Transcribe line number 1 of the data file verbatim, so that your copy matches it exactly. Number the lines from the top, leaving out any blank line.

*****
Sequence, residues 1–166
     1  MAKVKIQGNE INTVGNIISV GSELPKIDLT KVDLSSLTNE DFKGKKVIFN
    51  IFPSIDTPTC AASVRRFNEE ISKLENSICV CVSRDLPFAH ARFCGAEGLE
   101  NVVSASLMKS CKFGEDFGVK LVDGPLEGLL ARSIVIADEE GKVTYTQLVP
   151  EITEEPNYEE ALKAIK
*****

Sequence, residues 1–166